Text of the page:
Scotland's health secretary announced the uplift as part of a £20m package of measures to support general practice, unveiled at the Scottish LMCs conference in Clydebank.
Health secretary Shona Robison told the conference the government would also create a single national performers’ list for GPs to be implemented as soon as practicable.
A £10.98m contract uplift for 2016/17 will deliver a 1% pay rise plus 1.5% for expenses. The uplift also includes £2.6m to fund population growth.
General practice funding
An additional £5m will pay for a GP from every practice in Scotland to take part in fortnightly sessions on cluster working to develop their role in quality and leadership.
An extra £2m will fund an upgrade in IT infrastructure for practices to upgrade their computers or tablets. Ms Robison said this was on top of the previously announced £4m fund for IT.
A £2m care package will fund the development of new options for more effective occupation health services for staff in primary care, a new statutory backfill rate of £1,686.45 for maternity, paternity and adoption leave. The care package will also cover a service to provide every practice with oxygen cylinders for emergencies.
Ms Robison told LMC leaders that there was ‘no QOF mark two in the pipeline’ for the new contract being developed for 2017. There would be ‘no other box ticking alternative proposed’, she said.
The government needed to work to ‘change the culture of demand’ and help reduce GP workload, the health secretary said. Health department officials would work with SGPC to ‘identify workable solutions or your workload pressures in the short term’ to provide the next government with recommendations early in the next parliament.
Primary care development
The government said the £20m announced today was over and above an established commitment to invest £85m across primary care over three years to test new models of delivering services, a transformation fund and support delivery of the national review of out of hours services.
Ms Robison said the government was committed to a plan to adequately fund general practice and invest in its vision to transform primary care, as well as a workforce and infrastructure plan.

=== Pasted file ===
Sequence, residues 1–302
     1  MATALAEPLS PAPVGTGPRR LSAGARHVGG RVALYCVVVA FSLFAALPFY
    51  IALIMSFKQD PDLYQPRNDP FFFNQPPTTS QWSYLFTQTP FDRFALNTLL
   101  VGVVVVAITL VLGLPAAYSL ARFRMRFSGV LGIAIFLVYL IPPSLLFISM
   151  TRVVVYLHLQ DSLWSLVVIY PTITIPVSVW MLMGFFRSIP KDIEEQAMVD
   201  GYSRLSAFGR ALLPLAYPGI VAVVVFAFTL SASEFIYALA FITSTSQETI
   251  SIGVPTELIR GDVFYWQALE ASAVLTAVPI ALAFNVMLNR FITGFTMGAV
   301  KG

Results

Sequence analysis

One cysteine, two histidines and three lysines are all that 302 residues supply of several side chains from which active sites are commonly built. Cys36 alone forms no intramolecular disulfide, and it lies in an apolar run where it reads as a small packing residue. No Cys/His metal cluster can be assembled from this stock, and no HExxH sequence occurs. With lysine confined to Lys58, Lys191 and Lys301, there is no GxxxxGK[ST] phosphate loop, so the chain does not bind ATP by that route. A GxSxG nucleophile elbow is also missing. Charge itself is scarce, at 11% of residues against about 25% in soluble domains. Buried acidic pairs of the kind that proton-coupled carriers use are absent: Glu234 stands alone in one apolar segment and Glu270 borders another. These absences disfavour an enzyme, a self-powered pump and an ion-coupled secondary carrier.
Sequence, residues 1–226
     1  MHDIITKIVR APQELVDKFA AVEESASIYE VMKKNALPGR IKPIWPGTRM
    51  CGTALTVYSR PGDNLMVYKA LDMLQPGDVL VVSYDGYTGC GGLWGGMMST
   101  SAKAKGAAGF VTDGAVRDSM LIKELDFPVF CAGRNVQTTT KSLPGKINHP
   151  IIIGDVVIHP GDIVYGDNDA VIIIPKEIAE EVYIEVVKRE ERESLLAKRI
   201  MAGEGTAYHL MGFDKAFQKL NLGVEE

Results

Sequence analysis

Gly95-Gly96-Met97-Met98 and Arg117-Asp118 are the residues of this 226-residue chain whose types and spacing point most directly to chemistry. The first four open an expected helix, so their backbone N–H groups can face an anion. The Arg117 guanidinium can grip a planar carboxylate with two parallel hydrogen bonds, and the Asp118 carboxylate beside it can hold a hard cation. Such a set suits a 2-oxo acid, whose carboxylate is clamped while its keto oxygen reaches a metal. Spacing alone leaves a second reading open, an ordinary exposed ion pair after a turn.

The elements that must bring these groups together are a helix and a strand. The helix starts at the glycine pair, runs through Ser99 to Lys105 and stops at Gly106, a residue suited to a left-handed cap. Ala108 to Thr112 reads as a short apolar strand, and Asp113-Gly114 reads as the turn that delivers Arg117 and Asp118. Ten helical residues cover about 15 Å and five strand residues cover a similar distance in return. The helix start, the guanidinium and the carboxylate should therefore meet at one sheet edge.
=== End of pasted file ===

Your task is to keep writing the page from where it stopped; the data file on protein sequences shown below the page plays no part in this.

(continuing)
The minister said: I hope that what I have said today demonstrates the commitment of my government to supporting and enabling general practice to flourish.
‘The negotiations for the 207 contract will get underway over the next few weeks.
‘I believe we can work together to build a bright future for general practice and hope that we can continue to work collaboratively for the good of GPs, the profession of general practice, and above all for the patients and people of Scotland.’
SGPC chairman Dr Alan McDevitt welcomed the package announcement from the health secretary. Both SGPC and the government recognised this £20m was not about resolving the long term substantive funding of the service, he said, but addressing some important, immediate issues.
‘Many things may seem small, but they mean a lot’ to practices, said Dr McDevitt.
The announcement of a new backfill payments scheme for parental leave was a ‘huge step forward’, he said. The single performers list and oxygen service were ‘very welcome’, and the new occupational health service was ‘a huge thing for us’.
But Dr McDevitt warned that there were ‘practices in every part of Scotland at risk now’ of closure which were ‘in great need of support to maintain a service’, and discussions with the government on addressing those issues would continue.
Dr McDevitt said he hoped the review of workload measures announced by Ms Robison could address the issue of practices having to make referrals to hospital after missed appointments, an issue the UK government has said it will address for English practices.